This is not a story about fish. It’s more about toilets, but we will get to that.
It’s true that the kids are overwhelmed by the fish.
Loch, who is five, is fascinated by all the rows of multi-colored dead fish on ice. He is exuberant about the live blue crabs which keep waving their legs in the air while trying to crawl out of their tub. Most of all he is mesmerized by the live lobsters and various swimming fish in tanks, waiting to be plucked for someone’s dinner.
Nine-year-old Lexi is impressed by all the severed fish heads with their frantic bulging eyes and festive teeth, while in another long case I am disconcerted by by all the animal parts. Tripe, brains, knuckles, tongues, stomachs, spleens and splintered bones are laid out in haphazard ways.
I gulp and feel suddenly intrigued by vegetarianism. The animal parts strewn about have made me, a Primitive Meat Eater, go kind of glinzty.
Aside from the fish and the bloody animal piles, there is lots of other stuff, foreign to our American eyes.
Row by row with our rolling cart, we all wander and look at unusual products.
I toss fish powders and some seaweed soup mixes into the basket.
We get a few fresh but unknown vegetables that we won’t know what to do with when we get home with them.
The store is dirty.
The kids are excited and curious as we wind our way up and down the aisles between fire crackers and bags of various dried mushrooms and jars of fish paste.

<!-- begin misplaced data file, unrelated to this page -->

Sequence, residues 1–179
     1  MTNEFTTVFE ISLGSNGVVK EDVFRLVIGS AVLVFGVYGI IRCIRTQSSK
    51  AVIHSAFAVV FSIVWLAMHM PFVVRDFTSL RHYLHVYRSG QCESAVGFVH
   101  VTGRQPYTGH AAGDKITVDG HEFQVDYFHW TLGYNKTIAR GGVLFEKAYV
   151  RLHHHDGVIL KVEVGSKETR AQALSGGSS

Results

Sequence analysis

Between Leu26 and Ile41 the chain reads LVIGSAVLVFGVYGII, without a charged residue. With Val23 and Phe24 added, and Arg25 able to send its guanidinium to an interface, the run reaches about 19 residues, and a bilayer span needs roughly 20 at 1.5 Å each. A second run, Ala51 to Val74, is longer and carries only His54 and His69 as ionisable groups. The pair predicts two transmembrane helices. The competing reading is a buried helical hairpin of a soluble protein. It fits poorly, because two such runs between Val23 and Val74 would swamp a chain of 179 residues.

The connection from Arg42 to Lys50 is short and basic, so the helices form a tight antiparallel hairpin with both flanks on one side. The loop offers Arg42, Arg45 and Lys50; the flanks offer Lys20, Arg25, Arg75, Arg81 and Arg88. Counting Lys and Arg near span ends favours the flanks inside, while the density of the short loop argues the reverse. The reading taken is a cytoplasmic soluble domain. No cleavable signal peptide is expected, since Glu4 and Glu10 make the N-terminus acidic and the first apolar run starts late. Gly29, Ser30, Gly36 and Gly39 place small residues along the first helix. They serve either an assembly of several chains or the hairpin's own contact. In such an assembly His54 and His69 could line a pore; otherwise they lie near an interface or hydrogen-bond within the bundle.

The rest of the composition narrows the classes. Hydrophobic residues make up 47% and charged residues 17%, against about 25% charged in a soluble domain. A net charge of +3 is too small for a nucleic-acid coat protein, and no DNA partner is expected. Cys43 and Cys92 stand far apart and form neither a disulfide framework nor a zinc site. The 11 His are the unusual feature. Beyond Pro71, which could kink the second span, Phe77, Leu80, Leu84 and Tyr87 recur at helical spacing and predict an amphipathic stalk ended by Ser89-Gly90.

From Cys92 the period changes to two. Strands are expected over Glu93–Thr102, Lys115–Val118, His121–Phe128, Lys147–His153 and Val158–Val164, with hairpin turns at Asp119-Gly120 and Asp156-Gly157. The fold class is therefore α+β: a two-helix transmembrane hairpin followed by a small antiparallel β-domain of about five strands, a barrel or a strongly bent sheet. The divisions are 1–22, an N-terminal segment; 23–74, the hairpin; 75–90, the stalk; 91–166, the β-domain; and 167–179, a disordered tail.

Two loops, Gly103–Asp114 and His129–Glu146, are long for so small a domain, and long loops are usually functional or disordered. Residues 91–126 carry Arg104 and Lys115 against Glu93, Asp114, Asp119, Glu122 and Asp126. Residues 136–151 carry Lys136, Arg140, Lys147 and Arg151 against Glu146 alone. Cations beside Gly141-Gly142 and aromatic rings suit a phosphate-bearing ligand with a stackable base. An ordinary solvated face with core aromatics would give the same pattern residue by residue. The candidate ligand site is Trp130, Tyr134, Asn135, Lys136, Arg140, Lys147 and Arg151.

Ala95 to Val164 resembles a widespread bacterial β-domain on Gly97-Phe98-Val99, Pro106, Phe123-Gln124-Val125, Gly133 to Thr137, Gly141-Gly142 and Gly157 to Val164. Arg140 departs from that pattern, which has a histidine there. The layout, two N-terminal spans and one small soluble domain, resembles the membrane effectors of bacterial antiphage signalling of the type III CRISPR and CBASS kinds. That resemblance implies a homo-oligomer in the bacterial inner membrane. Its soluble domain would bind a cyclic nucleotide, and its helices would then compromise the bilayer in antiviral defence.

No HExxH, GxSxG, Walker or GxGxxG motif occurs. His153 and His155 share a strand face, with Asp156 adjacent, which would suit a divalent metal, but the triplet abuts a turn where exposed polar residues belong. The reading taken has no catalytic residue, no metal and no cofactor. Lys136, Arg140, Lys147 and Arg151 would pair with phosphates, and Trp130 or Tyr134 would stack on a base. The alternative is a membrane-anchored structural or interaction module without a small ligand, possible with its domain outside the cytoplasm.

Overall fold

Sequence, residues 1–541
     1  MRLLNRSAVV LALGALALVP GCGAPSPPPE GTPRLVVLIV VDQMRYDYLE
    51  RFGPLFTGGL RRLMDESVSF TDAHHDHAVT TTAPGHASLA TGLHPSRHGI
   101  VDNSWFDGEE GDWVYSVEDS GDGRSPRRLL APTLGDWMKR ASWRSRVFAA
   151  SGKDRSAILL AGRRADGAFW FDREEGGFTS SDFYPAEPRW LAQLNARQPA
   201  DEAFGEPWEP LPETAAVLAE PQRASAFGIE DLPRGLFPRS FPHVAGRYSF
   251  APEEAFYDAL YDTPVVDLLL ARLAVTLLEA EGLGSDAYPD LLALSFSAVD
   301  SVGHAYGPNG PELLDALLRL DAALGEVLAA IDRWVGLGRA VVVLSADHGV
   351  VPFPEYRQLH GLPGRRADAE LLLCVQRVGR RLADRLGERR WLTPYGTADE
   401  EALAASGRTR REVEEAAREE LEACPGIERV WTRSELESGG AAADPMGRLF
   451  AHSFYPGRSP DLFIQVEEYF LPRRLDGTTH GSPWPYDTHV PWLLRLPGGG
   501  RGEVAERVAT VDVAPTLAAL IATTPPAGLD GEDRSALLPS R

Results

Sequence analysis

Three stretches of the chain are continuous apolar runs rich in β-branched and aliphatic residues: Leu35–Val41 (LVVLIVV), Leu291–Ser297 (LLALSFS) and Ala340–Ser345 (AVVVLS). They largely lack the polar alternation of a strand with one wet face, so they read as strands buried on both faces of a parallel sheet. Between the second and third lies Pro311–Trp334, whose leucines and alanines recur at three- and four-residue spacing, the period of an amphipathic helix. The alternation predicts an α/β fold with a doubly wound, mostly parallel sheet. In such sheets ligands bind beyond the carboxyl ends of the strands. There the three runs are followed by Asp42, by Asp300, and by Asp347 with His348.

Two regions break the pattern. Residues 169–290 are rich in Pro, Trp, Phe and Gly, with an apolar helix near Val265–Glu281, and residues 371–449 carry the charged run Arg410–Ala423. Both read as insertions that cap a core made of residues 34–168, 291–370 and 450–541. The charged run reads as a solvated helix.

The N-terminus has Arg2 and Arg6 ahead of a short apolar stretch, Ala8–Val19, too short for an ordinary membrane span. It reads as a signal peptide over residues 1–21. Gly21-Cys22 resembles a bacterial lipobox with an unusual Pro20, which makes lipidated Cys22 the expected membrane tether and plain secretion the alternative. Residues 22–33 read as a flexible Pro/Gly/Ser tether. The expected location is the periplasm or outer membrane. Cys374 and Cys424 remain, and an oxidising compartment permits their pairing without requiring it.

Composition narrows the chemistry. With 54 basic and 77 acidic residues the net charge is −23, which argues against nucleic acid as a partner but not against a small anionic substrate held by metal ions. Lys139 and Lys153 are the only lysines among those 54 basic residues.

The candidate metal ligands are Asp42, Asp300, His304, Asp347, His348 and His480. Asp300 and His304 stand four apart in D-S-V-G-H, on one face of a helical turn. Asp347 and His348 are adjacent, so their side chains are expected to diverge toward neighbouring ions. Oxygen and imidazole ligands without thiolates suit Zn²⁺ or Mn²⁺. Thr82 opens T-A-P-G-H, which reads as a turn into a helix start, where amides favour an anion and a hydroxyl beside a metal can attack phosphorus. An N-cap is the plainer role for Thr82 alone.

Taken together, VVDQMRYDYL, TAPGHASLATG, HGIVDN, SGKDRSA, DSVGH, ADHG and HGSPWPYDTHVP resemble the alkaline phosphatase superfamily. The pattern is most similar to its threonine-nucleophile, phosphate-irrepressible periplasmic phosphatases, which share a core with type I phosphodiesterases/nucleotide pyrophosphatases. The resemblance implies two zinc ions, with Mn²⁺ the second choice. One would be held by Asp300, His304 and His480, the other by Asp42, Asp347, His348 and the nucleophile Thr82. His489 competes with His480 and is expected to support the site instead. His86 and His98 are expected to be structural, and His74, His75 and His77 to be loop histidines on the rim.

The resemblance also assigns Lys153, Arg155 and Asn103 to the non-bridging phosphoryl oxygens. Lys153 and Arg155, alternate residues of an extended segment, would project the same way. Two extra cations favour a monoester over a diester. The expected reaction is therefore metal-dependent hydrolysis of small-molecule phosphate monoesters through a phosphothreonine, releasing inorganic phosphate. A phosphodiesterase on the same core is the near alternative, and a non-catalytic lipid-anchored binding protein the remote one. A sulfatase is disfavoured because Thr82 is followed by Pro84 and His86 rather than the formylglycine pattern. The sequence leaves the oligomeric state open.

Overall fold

Then he begins (and won’t stop singing) Hanuaka songs in a loud voice…and we are not Jewish.
The store is dirty and packed with people and suddenly I have to pee.
I make my way to the bathroom with some trepidation. If the store is dirty, what will the bathroom be like?
It is dirty.
But, what catches my attention is the sign in the stall I choose to use:
‘Don’t stand on the seats. If you squat on the seats make sure you look for any droppings you may have left behind on the seats and wipe them off.’
Which means you hang over the seat but you don’t touch your butt to it. I don’t want to slap my quivering butt into any of those loose, dirty droplets.
A few weeks later I am at my art class at Carol’s house. We four have been meeting for ten-plus years, so we are comfortable with each other.
While we are discussing the complexities of life and art, Carol says something unusual.
“I’ve been thinking a lot about something…I’ve been wondering lately how many times have I sat on the toilet in 84 years?”
We don’t know what to say.
After a long pause, I ask, “Do you have an answer to that question?”
“No,” she says, “but I’m still thinking.”
Because of my fish drawings, you may have thought this essay would be about fish in an Asian market, or that it might have some redeeming quality; maybe something educational or some biblical or metaphysical truth that would make you feel better about yourself or your life.
No. In my mind it is more about toilets and what we do on/in them according to our culture.
Not that defecation is that interesting. Everything does it.
And it’s not consuming my life, like it is Carol’s. (Pooping is kind of a weak side note for me.*)
I drew fish because I like to draw fish better than I like to draw toilets and I did find the bathroom sign amusing.
So take what you want from this essay, something or nothing…however it suits your life at the moment.
I simply see it as one of those interesting Adventures or highlights that dot a life as we live it.
* I wrote a popular book about pooping and various health issues. “The Herb Lady’s Notebook.” http://www.amazon.com. Or you can read a part of it for free on my website. See below.
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